New research on the magnitude and cost of work-related cancers in Canada fuelled compelling discussions at a recent symposium in Toronto, a summary of which is now available.
The one-day meeting entitled, Preventing the Burden of Occupational Cancer in Canada
was hosted by Ontario’s Occupational Cancer Research Centre
(OCRC). Close to 120 attended, including representatives from labour, government, the province’s health and safety system, non-governmental organizations and the research community.
As the OCRC symposium summary
observes, the purpose of the event was to share preliminary results from the Burden of Cancer in Canada Study
. The four-year national research collaboration is funded by a team grant from the Canadian Cancer Society Research Institute.
The ground-breaking research assesses the burden of 27 different cancers
attributed to 44 workplace carcinogens described by sex, province, age group, industry and occupation. The study estimates the number of cancer cases each year caused by exposure to workplace carcinogens and the economic impact of these. Estimating the full economic burden also tells us the estimated number of cancers and related deaths that could be prevented by reducing exposures to carcinogens.
Researchers presented powerful preliminary findings
on three well documented occupational carcinogens: diesel engine exhaust, asbestos and radon.
Diesel engine exhaust:
cause an estimated 553 work-related lung cancers each year in Canada;
$507.7 million—estimated cost of newly diagnosed lung cancers in 2011 related to workplace diesel exhaust exposures;
at risk occupations include miners and truck drivers;
Canada has no Occupational Exposure Limit for diesel exhaust.
estimated to cause 1708 work-related lung cancers and 391 mesotheliomas each year;
$1.36 billion and $359.3 million—estimated cost of newly diagnosed lung cancers and mesotheliomas respectively in 2011 associated with workplace asbestos exposure;
workers most at risk include those in manufacturing and construction;
asbestos containing materials, such as cement pipe, are still legally imported and used in Canada.
estimated to cause 26 work-related lung cancers a year at a cost of $30.6 million;
Health Canada estimates that 16 per cent of lung cancers are attributable to radon exposure;
miners are most at risk but office workers can be exposed indoors as well;
The World Health Organization’s exposure level is more protective than Canada’s guideline.
Preventing occupational cancer
By any measure, the burden of occupational cancer in Canada is great. The question then becomes, “What can be done to prevent this burden?” To this end, symposium participants heard from Lesley Rushton, a researcher in the United Kingdom who helped document similar cancer burden findings and in similar ways. In fact, the Canadian study is based on the UK approach. Rushton also detailed another research project which effectively forecast the significant number of cancers that could be avoided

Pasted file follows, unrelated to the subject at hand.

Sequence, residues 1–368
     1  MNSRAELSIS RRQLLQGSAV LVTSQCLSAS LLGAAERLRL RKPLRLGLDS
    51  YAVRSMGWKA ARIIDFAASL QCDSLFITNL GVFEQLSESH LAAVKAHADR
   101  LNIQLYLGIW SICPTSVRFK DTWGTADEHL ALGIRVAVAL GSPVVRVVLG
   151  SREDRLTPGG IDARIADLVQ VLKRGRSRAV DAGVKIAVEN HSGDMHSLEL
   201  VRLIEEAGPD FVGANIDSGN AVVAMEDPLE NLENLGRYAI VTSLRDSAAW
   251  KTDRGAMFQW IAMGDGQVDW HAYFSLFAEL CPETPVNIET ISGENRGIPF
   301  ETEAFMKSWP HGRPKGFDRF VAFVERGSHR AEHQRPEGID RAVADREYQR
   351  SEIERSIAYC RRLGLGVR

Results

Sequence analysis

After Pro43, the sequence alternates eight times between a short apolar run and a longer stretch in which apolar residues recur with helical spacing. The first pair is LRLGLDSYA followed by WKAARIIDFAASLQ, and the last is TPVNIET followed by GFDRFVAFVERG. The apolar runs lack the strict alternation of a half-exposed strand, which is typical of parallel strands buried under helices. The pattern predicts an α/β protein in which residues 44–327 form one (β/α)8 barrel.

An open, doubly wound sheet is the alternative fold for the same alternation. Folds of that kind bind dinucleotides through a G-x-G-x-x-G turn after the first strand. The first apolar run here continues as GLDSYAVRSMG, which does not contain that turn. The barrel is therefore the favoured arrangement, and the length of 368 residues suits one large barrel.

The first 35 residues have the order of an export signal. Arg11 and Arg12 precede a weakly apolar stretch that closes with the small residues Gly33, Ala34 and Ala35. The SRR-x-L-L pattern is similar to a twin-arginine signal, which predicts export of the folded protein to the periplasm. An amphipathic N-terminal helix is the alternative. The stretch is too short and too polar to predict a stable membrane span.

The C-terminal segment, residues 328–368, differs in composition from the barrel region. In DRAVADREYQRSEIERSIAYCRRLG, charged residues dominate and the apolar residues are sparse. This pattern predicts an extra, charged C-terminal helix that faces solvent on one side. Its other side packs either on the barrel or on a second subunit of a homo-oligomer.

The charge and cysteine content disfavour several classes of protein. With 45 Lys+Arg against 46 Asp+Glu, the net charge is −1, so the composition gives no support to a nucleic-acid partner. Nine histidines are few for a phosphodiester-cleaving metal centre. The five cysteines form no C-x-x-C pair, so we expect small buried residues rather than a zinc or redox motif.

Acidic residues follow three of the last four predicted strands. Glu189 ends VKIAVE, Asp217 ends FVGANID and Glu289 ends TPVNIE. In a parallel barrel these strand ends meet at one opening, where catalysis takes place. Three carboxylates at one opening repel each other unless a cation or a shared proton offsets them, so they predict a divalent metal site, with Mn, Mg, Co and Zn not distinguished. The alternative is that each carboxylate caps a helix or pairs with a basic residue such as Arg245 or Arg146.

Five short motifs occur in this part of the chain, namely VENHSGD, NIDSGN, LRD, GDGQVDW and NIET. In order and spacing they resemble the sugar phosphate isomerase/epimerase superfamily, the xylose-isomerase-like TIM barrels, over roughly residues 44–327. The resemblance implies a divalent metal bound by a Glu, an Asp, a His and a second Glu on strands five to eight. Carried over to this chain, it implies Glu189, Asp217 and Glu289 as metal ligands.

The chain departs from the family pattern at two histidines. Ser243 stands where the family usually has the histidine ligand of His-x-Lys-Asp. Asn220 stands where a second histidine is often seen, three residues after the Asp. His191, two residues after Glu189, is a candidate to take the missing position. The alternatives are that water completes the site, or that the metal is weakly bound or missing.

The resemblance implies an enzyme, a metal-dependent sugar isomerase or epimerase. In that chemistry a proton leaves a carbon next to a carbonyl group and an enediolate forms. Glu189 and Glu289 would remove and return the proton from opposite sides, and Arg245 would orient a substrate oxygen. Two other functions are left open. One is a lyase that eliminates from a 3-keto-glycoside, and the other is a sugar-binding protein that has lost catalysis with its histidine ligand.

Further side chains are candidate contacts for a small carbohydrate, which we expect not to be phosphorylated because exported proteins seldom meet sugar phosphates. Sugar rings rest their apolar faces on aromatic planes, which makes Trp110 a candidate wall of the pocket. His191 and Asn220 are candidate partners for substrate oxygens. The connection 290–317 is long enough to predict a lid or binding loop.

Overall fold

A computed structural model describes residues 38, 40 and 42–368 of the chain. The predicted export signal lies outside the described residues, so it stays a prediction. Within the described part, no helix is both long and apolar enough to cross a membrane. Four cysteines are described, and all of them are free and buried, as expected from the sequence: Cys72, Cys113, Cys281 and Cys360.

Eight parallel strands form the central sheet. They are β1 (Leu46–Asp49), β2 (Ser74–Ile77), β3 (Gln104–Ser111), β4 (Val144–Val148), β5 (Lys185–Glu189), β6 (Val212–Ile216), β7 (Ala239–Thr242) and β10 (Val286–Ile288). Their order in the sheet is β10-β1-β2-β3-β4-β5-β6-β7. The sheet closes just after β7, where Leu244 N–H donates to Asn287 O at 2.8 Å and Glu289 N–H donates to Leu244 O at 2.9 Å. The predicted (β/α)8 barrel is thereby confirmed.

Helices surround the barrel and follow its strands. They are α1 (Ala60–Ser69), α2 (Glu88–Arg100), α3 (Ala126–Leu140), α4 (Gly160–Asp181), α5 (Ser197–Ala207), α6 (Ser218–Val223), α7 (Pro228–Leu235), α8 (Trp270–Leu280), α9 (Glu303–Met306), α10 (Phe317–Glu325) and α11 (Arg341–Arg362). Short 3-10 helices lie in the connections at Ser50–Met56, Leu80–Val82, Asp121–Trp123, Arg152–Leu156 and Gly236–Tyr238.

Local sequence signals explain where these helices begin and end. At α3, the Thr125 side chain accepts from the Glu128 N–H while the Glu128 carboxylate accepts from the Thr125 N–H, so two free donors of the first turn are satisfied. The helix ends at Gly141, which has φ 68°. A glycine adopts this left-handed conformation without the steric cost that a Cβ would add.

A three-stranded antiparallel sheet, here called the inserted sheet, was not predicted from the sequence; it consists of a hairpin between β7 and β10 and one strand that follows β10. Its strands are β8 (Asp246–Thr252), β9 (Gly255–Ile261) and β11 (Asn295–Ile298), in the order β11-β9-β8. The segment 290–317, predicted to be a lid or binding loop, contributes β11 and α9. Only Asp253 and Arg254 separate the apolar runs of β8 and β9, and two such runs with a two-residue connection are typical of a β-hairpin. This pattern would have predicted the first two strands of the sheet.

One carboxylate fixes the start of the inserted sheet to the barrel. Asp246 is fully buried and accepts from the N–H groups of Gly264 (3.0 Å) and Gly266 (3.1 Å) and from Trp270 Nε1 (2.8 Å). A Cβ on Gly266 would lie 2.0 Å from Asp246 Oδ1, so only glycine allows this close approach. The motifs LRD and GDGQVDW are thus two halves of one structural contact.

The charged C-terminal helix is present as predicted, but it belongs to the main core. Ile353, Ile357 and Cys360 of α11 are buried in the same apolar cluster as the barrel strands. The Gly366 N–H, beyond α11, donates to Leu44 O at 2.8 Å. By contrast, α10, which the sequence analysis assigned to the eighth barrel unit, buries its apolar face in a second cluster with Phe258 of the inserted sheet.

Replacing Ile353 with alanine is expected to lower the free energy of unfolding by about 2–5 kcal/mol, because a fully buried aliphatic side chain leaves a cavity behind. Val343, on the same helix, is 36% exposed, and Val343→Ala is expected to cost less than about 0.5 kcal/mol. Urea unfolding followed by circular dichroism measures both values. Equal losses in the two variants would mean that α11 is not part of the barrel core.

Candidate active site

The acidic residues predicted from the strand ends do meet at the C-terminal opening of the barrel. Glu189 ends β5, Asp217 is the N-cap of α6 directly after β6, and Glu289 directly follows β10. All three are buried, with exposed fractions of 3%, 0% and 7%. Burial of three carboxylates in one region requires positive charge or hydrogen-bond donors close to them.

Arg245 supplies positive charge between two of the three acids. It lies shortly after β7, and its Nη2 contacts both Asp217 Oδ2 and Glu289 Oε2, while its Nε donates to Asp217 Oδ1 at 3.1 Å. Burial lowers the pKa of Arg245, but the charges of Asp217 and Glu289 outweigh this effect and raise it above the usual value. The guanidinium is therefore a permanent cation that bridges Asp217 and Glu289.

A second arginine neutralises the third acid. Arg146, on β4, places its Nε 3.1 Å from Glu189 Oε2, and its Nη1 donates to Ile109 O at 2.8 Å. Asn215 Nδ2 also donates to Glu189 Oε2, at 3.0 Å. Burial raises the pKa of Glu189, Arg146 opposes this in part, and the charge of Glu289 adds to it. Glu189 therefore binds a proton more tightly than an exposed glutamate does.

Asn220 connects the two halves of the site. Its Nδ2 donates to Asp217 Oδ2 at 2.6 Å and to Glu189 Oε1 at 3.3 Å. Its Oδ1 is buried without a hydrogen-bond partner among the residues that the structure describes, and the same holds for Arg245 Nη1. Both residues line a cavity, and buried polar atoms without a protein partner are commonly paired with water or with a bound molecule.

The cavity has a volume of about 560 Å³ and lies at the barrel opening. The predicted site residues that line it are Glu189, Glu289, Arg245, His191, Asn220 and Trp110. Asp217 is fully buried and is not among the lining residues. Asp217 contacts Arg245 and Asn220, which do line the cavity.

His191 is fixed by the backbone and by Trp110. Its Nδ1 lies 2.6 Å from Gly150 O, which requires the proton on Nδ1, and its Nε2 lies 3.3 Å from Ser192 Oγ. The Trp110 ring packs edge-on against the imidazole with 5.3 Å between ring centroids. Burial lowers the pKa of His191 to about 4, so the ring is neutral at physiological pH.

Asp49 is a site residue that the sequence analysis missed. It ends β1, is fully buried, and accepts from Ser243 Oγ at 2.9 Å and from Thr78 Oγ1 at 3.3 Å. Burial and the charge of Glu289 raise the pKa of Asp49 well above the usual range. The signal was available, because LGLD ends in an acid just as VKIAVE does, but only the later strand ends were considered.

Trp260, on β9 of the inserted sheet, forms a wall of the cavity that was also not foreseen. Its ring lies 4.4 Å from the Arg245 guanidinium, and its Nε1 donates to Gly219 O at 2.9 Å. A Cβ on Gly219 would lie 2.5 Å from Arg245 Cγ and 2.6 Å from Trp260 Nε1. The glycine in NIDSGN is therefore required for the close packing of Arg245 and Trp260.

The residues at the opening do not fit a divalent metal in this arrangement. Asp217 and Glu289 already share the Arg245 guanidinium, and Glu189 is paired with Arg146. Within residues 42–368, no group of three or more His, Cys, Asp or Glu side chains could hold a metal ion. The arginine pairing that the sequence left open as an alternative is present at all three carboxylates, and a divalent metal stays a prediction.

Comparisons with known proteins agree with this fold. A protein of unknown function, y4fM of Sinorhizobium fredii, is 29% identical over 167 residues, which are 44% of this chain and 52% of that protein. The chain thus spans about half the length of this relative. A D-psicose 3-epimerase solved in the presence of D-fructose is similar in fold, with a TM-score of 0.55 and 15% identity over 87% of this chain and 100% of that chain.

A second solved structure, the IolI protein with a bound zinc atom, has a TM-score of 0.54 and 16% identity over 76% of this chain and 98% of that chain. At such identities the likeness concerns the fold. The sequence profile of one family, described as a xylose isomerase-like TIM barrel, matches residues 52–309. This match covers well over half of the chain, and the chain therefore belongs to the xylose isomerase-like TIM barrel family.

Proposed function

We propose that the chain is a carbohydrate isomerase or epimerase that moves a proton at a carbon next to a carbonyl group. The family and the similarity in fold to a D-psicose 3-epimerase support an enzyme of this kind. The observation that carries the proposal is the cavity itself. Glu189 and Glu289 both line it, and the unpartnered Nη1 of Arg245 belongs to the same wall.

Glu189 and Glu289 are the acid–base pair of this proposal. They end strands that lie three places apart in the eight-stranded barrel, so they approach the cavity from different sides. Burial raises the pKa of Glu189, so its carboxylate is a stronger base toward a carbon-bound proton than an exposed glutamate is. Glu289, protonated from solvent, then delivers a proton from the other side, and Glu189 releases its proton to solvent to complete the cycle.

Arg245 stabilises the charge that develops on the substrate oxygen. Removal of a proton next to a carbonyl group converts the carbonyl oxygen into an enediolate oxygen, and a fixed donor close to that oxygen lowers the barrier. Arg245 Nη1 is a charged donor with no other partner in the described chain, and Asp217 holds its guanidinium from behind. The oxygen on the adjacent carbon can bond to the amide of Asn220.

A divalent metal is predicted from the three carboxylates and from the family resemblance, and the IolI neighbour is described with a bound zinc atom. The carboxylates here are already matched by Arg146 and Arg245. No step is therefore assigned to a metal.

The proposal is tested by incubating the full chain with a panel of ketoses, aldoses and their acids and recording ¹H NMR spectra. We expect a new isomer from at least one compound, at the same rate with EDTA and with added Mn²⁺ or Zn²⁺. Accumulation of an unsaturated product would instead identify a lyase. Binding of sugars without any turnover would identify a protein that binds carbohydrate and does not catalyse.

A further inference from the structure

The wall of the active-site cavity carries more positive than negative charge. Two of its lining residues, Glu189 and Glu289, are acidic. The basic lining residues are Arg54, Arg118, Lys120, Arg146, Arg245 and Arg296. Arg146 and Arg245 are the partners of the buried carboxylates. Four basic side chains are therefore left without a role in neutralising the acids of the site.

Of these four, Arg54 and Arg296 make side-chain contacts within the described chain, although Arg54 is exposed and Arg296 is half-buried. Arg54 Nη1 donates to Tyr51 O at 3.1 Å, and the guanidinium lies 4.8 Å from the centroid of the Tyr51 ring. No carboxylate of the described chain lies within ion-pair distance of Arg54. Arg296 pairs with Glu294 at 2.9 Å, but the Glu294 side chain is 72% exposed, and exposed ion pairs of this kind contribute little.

by reducing occupational exposure limits, enforcing better compliance with existing limits or implementing a combination of both interventions. Rushton observed however, while the UK research has done much to raise awareness, the country’s political will to prevent occupational cancers has remained unresponsive.
Symposium participants also heard from those in Canadian jurisdictions
considering occupational exposure limits (OELs) and enforcement options for diesel exhaust exposures in British Columbia;
researching control measures for diesel exhaust emissions in Ontario’s underground mines;
implementing a mandatory asbestos registry documenting the location of asbestos in existing public buildings in Saskatchewan;
campaigning for a ban on new uses of asbestos across Canada; and
working to prevent exposures to radon, including support for an Ontario bill that would among other things require radon testing and remediation in existing buildings, as well as related Building Code changes for all new construction.
Many of the presentations were a source for great optimism
. Some on the other hand highlighted significant barriers
to prevention. For instance, although electrically-powered vehicles for underground mines are available and research has demonstrated how vehicles retrofitted with diesel particulate filters can virtually eliminate miner exposures, large-scale adoption of either was pronounced to be years and perhaps decades away. In response symposium participant and United Steelworker, local 6500 compensation representative, J.P. Mrochek commented much as Rushton had, “In other words, we have the technology, but not the will.”
Final findings for the ORCR cancer burden study will be released this spring.
Meantime, the organization is developing a new research proposal aimed at feasible interventions in Ontario’s construction industry and costs associated with their implementation. Stacked up against the cost of inaction these kinds of analyses are sure to help fuel cancer prevention efforts focused on safeguarding worker health and lives.
For our part, the Workers Health and Safety Centre assists workplace parties through training programs
and information services
aimed at raising awareness about hazardous exposures, including those which can contribute to the burden of cancer, and targeting prevention at the workplace level.
To learn more:
Occupational Cancer Research Centre
Workers Health &Safety Centre